Jean Peters Baker | St. Louis Public Radio

Jean Peters Baker

Rep. Clem Smith, D-Velda Village Hills
File photo | Tim Bommel I House Communications

Citing her responsibilities as Jackson County prosecutor, Jean Peters Baker is stepping away from her duties as Missouri Democratic Party chairwoman and turning over control to former state Rep. Clem Smith.

In a statement released Thursday evening, Baker said Smith, vice chairman of the party, “is the right person to lead our party at this critical moment.”

Mayor Theodore "Ted" Hoskins, surrounded by Berkeley City Council, stressed the Dec. 23 2014 shooting of Antonio Martin was unlike Michael Brown's death in Ferguson
File photo | Willis Ryder Arnold | St. Louis Public Radio

Berkeley Mayor Theodore "Ted" Hoskins has been charged with five felony counts of election fraud.

A special prosecutor, Jean Peters Baker, announced charges Thursday that allege Hoskins tampered with absentee ballots for a municipal election in April 2018. 

He is accused of filling out absentee ballot applications for voters and having his campaign workers do the same. He is also accused of altering absentee ballots. Hoskins faces 25 years in prison and thousands of dollars in fines if convicted. 

Nicole Galloway poses for a portrait at St. Louis Public Radio. March, 22, 2018
File Photo | Carolina Hidalgo | St. Louis Public Radio

State Auditor Nicole Galloway officially launched her 2020 gubernatorial bid on Monday morning, emphasizing her record as Missouri’s lone Democratic statewide official and criticizing how a GOP-controlled government has operated.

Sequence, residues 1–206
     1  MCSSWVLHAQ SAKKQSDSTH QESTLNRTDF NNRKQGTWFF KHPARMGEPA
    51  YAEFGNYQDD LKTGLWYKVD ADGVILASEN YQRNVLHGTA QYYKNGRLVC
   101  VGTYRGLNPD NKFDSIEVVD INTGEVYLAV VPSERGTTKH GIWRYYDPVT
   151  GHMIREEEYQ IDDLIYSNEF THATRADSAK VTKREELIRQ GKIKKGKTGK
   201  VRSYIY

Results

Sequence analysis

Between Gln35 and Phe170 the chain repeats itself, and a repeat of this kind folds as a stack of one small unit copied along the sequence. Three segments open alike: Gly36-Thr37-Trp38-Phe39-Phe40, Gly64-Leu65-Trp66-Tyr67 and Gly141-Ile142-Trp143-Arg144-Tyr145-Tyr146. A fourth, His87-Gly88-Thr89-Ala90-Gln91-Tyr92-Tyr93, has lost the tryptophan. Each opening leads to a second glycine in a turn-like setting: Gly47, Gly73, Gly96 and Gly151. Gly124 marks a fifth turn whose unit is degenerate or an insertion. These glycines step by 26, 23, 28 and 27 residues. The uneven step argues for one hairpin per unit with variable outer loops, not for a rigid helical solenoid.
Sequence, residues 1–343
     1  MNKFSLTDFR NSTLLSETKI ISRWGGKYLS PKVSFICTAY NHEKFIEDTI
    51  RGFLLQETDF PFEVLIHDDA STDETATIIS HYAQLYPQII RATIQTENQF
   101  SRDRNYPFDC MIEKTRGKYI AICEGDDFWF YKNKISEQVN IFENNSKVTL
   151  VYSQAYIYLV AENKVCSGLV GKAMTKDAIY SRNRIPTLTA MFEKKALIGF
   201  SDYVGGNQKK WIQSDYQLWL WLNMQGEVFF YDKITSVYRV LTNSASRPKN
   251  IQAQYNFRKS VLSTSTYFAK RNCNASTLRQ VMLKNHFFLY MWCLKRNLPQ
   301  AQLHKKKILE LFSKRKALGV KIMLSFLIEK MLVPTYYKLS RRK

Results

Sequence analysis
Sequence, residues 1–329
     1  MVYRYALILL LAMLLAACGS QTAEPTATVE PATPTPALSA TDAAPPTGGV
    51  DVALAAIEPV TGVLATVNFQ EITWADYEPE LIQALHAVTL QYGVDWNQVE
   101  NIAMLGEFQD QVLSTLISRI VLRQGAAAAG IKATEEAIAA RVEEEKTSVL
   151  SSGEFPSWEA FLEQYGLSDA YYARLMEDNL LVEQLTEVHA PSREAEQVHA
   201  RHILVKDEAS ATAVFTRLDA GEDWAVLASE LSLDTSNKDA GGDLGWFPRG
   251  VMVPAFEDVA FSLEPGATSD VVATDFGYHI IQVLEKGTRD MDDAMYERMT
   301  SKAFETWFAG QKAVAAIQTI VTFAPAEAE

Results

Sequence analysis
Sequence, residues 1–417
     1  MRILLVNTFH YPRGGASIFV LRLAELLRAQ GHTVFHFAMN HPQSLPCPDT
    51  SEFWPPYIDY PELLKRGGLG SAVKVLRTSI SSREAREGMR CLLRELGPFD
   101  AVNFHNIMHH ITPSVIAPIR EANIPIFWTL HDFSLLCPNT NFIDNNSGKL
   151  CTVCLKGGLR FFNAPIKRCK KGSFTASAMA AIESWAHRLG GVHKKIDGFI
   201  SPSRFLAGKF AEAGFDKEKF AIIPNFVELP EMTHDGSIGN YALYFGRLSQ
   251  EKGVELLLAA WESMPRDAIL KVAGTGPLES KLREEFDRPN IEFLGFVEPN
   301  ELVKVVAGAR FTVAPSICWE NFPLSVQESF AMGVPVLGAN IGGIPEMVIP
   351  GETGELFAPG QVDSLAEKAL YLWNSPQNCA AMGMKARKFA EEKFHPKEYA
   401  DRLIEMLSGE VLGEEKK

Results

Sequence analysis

While Galloway will likely have little competition capturing the Democratic nomination for governor, in the general election, she will be dealing with an electorate that leans toward the GOP and the incumbent's financial advantage.

Rep. Clem Smith, D-Velda Village Hills
File photo | Tim Bommel I House Communications

State Rep. Clem Smith was willing to step away from Missouri politics after being barred from running again for the House due to term limits.

In one of his final speeches, Smith said he was “going to ride out into the sunset like Shane and get an AARP card so I can get discounts at Best Western or something.” But the four-term state lawmaker from St. Louis County kept getting encouragement to stay involved, which is one of the reasons he ran for and won the vice chairmanship of the Missouri Democratic Party last weekend.

U.S. Sen. Claire McCaskill thanks supporters at an election night watch party after calling Attorney General Josh Hawley to concede.
File photo | Carolina Hidalgo | St. Louis Public Radio

Updated 4:45 p.m., Saturday, with election results — Jackson County Prosecutor Jean Peters Baker is the new head of the Missouri Democratic Party, and outgoing state Rep. Clem Smith of St. Louis County is the new vice chairman.

Democratic activists hope that the duo — elected Saturday by party leaders gathered in Jefferson City — can help reorganize and revamp the party's image, operations and message. 

To say Missouri Democrats fared poorly in the November election is an understatement. Even as national Democrats saw huge gains, Missouri Democrats largely got wiped out – for the second time in two years. The biggest loss was the defeat of U.S. Sen. Claire McCaskill in her bid for a third term.